Pregnancy before 29 helps decrease later breast cancer risk

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A large study points to the protective effect of pregnancy on breast cancer risk arising precisely at the 34th pregnancy week, but additional protection against breast cancer only comes in women under 30.

Women’s bodies undergo a “striking” change during a specific week of pregnancy that can significantly reduce their risk of developing breast cancer later in life, scientists said.

Previous research has highlighted how women under the age of 30 can reduce their risk of contracting breast cancer later in life by having a baby. But a new study by experts in Denmark and Norway claims to have identified the precise week of pregnancy when the change occurs.

“If you deliver a child at week 33 you get the child, which is great, but you don’t get the bonus of having a lower risk of breast cancer for the rest of your life,” said Mads Melbye from the University of Copenhagen’s department of clinical medicine, lead study author. “It’s a very distinct change in risk when you go from week 33 to week 34.”

A typical pregnancy lasts 40 weeks and a baby born before 37 weeks is considered premature.

The report says Melbye and his team studied a huge database of nearly 4m women in Denmark and Norway stretching back almost 40 years. It listed the age at which each of them gave birth, how far into a pregnancy each birth occurred and whether or not they contracted breast cancer later in life.

They found that women who gave birth after 34 weeks had an average 13.6% lower risk of developing breast cancer compared to women who had no children. For pregnancies that ended a week earlier, the reduction in risk – while still there – was only 2.4%.

Melbye said what changes in women during this vital week of gestation remains a mystery. “We don’t know what that is, but knowing that you have to get to this point of the pregnancy makes it much easier for researchers to focus because we have to know what happens around that week to understand this,” he said.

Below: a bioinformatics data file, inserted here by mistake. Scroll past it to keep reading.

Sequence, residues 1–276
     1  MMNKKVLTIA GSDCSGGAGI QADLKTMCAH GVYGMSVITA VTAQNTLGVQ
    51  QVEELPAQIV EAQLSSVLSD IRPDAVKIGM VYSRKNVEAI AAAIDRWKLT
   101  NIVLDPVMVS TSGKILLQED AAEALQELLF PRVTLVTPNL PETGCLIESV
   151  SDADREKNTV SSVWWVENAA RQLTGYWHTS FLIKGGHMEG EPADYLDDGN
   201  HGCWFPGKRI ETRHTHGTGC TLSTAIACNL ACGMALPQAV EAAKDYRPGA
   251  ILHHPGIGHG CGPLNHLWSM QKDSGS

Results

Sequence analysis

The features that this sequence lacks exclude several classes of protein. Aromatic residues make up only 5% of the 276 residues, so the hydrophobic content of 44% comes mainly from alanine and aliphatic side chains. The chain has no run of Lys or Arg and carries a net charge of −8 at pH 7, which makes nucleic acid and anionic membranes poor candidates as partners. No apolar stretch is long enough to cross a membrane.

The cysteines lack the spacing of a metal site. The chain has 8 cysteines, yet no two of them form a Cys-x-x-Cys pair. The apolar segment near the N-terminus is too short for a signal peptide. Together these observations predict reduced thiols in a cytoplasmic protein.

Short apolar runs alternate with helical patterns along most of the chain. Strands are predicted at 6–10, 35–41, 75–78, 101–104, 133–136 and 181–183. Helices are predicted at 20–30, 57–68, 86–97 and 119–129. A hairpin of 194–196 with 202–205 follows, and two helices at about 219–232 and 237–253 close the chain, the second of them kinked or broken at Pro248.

He said it may be possible a woman’s body sends a signal after 34 weeks of pregnancy to boost immunity against environmental causes of breast cancer. “To the best of our knowledge it must have something to do with a specific biological effect that the cells reach at 34 weeks.”

The report says the link between pregnancy and breast cancer risk reduction is well known among medical researchers, who have suggested breast cells fundamentally alter their composition when a woman first falls pregnant and they prepare to produce milk.
But Melbye and his team found that a second or third pregnancy of at least 34 weeks reduced the risk of breast cancer even further.

This held true even in women who experienced stillbirths after 34 weeks, meaning the change is unlikely to be linked to breastfeeding.

Authors of the study said in the report that it would allow scientists to better probe the link between pregnancy and breast cancer risk by focusing on a narrow window during which the “striking” change occurs.

Although the reduction of risk is dramatic, there’s a catch: researchers found that the additional protection against breast cancer only comes in women under 30. “It’s not only the first childbirth; every childbirth has its own reduction in breast cancer risk but there’s a trick to this: You have to have your kids before you turn 29,” said Melbye. “Because after that age there’s no extra bonus in breast cancer risk (reduction).”

Abstract
Full-term pregnancies reduce a woman’s long-term breast cancer risk, while abortions have been shown to have no effect. The precise minimal duration of pregnancy necessary to lower a woman’s breast cancer risk is, however, unknown. Here we provide evidence which point to the protective effect of pregnancy on breast cancer risk arising precisely at the 34th pregnancy week. Using a cohort of 2.3 million Danish women, we found the reduction in breast cancer risk was not observed for pregnancies lasting 33 weeks or less, but restricted to those pregnancies lasting 34 weeks or longer. We further found that parity, socioeconomic status, and vital status of the child at birth did not explain the association, and also replicated our finding in data from 1.6 million women in Norway. We suggest that a distinct biological effect introduced around week 34 of pregnancy holds the key to understand pregnancy-associated breast cancer protection.

Authors
Anders Husby, Jan Wohlfahrt, Nina Øyen, Mads Melbye

The Times report
Nature Communications abstract


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